I walked with Tom Menner back to the hotel.  It was great to spend some time with him, as we have been “imaginary” friends for a couple of years.  We saw some additional friends as we worked our way through the throngs of runners toward the hotel.  I called some family, met more friends, and then headed out to Fado—an Irish pub, to encounter more of the forumites.  We ate, we drank, and we celebrated and commiserated.  Then we relocated to a place to get hot wings and more food and drink. Of course, I did none of these things in moderation.  Moderation did not get me to a sub-three hour marathon, so I figure I would stick with what got me there.  My friends were great, not only tolerating my high-volume antics, but egging me on and celebrating not only their successes, but mine as well.  I am a lucky man.  I got to race in a beautiful city, with boisterous crowds, and a well-organized and supported event.  I spent time with good friends and made some more friends along the way.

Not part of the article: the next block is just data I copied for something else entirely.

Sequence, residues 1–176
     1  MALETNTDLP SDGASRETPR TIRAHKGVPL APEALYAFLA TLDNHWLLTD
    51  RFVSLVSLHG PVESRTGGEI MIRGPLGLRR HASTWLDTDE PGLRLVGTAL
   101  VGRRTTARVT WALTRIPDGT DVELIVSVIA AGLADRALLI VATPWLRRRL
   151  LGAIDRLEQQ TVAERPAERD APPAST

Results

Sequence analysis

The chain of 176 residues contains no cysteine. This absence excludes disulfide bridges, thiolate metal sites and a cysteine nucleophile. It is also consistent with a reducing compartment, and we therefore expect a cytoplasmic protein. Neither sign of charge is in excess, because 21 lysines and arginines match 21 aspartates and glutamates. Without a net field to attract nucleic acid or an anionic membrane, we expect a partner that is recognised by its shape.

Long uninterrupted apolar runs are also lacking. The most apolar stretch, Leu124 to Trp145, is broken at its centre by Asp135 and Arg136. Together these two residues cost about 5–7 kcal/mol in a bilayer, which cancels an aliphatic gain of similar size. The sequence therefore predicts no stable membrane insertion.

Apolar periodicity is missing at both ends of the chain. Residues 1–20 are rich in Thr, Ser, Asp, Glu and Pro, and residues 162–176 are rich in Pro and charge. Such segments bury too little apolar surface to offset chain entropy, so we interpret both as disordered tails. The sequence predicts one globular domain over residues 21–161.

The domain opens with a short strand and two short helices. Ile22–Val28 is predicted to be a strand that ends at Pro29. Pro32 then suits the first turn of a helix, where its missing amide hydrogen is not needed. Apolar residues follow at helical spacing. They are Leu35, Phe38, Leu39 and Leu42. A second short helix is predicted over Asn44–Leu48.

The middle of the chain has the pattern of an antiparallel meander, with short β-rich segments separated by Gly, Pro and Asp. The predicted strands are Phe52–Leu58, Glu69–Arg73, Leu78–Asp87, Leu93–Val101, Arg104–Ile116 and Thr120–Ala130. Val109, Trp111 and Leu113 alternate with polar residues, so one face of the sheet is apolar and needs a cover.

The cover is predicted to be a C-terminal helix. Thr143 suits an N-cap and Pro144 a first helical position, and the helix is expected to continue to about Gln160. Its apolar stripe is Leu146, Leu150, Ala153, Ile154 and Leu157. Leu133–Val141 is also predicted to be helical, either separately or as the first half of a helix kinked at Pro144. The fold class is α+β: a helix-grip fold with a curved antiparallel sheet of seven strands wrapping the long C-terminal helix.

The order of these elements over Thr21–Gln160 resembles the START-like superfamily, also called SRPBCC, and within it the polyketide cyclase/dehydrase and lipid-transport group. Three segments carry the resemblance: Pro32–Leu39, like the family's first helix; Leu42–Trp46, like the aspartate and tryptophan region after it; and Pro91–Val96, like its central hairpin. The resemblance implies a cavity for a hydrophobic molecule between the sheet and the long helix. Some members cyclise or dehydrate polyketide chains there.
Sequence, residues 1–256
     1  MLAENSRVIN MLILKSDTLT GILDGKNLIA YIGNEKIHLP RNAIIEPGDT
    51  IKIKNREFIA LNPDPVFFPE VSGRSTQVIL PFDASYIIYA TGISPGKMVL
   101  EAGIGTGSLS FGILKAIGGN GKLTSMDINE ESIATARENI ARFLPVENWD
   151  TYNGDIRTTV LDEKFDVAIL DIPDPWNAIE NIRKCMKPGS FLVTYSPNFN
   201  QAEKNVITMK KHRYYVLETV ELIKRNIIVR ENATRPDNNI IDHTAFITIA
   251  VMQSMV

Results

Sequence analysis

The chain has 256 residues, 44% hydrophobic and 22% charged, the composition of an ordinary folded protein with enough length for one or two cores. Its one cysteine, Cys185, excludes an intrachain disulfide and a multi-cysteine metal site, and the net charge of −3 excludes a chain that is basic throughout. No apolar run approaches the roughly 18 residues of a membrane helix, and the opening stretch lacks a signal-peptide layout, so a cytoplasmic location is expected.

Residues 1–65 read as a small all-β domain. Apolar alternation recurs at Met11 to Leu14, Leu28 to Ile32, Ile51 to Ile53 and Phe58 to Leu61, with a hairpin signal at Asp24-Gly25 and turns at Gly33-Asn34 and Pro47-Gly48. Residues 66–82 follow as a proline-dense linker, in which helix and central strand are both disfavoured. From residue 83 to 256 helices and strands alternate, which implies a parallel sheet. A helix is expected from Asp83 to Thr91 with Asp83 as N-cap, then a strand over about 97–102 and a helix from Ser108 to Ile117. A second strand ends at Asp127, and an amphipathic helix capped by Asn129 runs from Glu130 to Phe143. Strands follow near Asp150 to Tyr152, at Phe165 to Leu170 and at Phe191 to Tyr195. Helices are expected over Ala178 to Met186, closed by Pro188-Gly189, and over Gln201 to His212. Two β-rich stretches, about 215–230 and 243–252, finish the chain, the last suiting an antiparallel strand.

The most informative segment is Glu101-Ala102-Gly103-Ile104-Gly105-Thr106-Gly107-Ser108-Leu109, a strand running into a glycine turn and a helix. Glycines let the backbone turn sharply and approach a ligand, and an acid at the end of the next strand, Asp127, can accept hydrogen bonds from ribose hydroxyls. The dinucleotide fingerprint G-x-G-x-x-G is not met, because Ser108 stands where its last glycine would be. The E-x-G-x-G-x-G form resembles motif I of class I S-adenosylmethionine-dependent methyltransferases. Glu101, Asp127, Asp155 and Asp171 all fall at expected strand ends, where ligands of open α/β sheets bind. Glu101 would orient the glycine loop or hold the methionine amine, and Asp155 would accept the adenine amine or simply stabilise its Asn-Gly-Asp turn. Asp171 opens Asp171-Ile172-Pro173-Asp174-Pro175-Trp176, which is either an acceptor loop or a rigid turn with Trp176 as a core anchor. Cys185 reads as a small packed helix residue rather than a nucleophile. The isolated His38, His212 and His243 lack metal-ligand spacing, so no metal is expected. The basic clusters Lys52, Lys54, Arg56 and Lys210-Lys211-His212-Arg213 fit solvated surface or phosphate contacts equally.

Thanks to everyone—not only for making it through this tome, but for all of your support and friendship as I pursued this goal and your congratulations after its completion.  Every marathoner has his/her story and the Chicago Marathon on 10-10-10 was very good to this marathoner.  A lot of people struggled in the heat and did not have the race that they wanted.  There was fear and doubt before the race and some frustration after the race.  We work hard for months and are at the mercy of the elements when the moment of truth arrives.  I was fortunate in that everything went according to my plan.  I wish that everyone had the successful day that I had, but it wasn’t to be.  I went all in and the cards fell my way.
The final stats:  I finished in 2:57:50.  38,132 people started and 36,159 finished.  I finished 598th overall.  I was 507/19,769 male and 56/3,195 in my age group.